Finally we are almost ready to go again. The PSL will begin again for AjaxCT on Tuesday night, 48 days after the players last kicked a football in competitive action. Surely this has been the longest mid-season break in the history of modern football. The Germans are famous for their long winter breaks, but even the Bundesliga only takes one month off. We need football to give us our sporting fix – it has been so bad I even found myself waching golf on TV last weekend.
The first game back is a real tough assignment, away at Bidvest Wits. Playing at altitude again, against a side in with a genuine shot at the PSL title. Despite this all eyes have been on the first game back in Cape Town, with the second round of the now hugely hyped Ikapa Deby next weekend. On paper, it’s just another game, with just the same three points that are always available. On the night though we all know it will become something more.
There is no doubt who had the better of the first half of the season and there is also no doubt that CTC enjoyed rubbing their success in the faces of everyone at AjaxCT. I wonder if John Comitis classes the past six months as the best of his life. The not so subtle postings from their marketing department that have constantly boasted about not been a selling club – wonder who that was aimed at? Of course they don’t let the facts get in the way of their chirping. Check the statistics and you will see that CTC have since sold four of the first choice eleven players they started the season with. AjaxCT in contrast have sold none. Then there was the run up to the last Ikapa Derby as they posted about running the Dutch out of the Cape again, in their ‘Reclaim the City’ campaign. It was like listening to an EEF political rally.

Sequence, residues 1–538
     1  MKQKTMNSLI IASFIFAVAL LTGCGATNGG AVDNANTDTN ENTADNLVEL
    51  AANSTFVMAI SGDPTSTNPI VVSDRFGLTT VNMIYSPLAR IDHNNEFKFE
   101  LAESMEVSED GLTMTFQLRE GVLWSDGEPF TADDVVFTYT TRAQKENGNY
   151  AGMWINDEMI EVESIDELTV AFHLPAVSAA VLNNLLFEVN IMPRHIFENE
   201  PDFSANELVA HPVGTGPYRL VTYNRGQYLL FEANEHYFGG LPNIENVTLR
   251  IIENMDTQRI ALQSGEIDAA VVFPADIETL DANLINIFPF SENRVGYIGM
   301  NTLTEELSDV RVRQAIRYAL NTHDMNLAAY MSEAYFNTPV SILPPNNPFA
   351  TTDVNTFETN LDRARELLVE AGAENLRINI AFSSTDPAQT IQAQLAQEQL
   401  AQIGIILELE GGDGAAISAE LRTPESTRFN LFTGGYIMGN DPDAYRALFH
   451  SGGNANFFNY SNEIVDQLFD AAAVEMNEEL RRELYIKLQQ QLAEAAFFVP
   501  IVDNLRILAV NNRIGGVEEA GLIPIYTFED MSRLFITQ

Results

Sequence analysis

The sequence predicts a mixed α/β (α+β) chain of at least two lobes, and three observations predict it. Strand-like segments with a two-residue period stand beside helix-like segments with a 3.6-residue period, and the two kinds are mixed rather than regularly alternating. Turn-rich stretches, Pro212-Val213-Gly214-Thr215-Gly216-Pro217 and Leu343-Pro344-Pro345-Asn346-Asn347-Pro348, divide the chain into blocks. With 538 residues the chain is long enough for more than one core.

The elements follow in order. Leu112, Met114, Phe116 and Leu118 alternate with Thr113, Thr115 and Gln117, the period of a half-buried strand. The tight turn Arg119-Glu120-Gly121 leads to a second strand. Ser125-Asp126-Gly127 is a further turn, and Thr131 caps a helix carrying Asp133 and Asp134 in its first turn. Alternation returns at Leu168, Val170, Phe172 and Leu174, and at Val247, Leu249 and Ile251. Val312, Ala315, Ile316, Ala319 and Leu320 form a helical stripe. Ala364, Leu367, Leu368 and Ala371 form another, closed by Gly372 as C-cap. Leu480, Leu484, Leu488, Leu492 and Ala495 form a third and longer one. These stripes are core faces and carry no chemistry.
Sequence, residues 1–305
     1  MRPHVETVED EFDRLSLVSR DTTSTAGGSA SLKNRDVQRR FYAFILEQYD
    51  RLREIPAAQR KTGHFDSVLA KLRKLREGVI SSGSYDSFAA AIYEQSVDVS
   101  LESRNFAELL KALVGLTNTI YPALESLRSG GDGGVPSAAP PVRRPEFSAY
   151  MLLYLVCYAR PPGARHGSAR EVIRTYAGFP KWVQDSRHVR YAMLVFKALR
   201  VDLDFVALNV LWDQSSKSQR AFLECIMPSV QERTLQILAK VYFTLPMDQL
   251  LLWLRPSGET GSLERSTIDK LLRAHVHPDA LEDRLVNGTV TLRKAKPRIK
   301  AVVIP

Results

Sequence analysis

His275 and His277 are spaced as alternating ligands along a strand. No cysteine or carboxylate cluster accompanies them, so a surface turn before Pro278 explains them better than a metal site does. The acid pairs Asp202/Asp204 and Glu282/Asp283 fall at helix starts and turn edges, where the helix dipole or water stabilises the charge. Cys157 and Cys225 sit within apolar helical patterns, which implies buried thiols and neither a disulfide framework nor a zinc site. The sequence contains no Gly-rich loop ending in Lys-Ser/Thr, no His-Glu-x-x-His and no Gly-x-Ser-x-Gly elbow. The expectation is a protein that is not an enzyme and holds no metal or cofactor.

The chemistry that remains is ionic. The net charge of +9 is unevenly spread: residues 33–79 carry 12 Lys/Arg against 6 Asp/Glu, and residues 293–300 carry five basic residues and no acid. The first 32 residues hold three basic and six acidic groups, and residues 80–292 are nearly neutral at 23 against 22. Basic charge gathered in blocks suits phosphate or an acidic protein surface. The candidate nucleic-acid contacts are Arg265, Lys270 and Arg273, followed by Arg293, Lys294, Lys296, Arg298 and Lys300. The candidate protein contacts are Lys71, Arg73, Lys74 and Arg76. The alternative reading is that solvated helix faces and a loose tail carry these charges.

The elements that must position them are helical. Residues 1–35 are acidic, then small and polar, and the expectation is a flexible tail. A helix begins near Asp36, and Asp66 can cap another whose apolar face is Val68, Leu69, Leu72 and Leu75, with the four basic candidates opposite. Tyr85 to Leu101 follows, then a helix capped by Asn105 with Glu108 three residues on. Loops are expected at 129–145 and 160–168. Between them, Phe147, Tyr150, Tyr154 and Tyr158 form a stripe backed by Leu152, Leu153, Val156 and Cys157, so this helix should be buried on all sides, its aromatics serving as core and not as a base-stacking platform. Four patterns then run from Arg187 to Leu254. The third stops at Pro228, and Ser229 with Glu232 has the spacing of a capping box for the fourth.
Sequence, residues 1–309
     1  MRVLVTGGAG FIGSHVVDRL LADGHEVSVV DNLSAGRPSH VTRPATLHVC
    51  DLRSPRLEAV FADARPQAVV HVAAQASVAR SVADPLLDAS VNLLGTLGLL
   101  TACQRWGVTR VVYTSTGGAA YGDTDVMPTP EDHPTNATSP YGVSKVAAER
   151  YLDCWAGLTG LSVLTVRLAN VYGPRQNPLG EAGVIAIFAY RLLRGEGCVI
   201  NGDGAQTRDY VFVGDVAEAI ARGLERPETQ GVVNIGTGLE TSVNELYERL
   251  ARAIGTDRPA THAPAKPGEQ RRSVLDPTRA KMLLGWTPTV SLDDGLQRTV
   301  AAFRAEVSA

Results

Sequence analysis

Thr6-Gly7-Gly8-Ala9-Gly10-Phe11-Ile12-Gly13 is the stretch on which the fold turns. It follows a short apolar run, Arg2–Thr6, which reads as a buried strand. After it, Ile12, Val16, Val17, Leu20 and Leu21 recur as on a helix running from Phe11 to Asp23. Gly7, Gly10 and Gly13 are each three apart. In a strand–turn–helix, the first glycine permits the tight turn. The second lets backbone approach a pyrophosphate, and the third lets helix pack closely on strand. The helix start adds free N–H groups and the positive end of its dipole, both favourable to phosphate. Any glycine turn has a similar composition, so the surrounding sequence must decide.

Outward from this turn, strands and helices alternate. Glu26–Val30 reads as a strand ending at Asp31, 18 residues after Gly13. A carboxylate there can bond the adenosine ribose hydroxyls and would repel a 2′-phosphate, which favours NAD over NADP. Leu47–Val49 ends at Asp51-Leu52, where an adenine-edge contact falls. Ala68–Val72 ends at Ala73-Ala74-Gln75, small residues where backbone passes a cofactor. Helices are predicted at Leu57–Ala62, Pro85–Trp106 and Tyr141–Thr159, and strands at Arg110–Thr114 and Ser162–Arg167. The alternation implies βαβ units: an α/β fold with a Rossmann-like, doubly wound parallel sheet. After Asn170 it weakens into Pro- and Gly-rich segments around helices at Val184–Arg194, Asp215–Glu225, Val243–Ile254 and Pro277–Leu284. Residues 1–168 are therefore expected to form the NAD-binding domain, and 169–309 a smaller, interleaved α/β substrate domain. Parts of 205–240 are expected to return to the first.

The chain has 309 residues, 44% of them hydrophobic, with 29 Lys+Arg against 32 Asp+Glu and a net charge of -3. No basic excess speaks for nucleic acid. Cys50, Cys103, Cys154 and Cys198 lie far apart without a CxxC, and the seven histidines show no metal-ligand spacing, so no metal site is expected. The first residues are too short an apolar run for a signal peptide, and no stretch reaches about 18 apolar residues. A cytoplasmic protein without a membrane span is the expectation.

Who knows how this rivalry will eventually pan out. CTC could fade away as quickly as they arrive, relocate to another city or spend the next few decades winning silverware. One thing they will never be able to escape from is their background. They may think they are the rebirth of the old Cape Town City (an all-white apartheid era team – they don’t brag about that part of their ‘history’ on social media), but the reality is they are Mpumalanga Black Aces, and PSL fans know that.
Whenever I blog about this I constantly get called out on social media. While such geographical relocations are uncommon in many leagues and actually banned in some countries, here in South Africa they are sadly common. Therefore many CTC fans consider the actions of their owner to be OK. It’s true they did nothing illegal, but this is one of those situations that seems to break the spirit of the game and leaves supporters and media feeling uncomfortable. After scratching around in the NFD, Comitis realised it was too much like hard work to get promoted legitimally and splashed the cash to buy someone elses team, regardless of what their supporters felt about it. This is the real history that CTC can never escape from.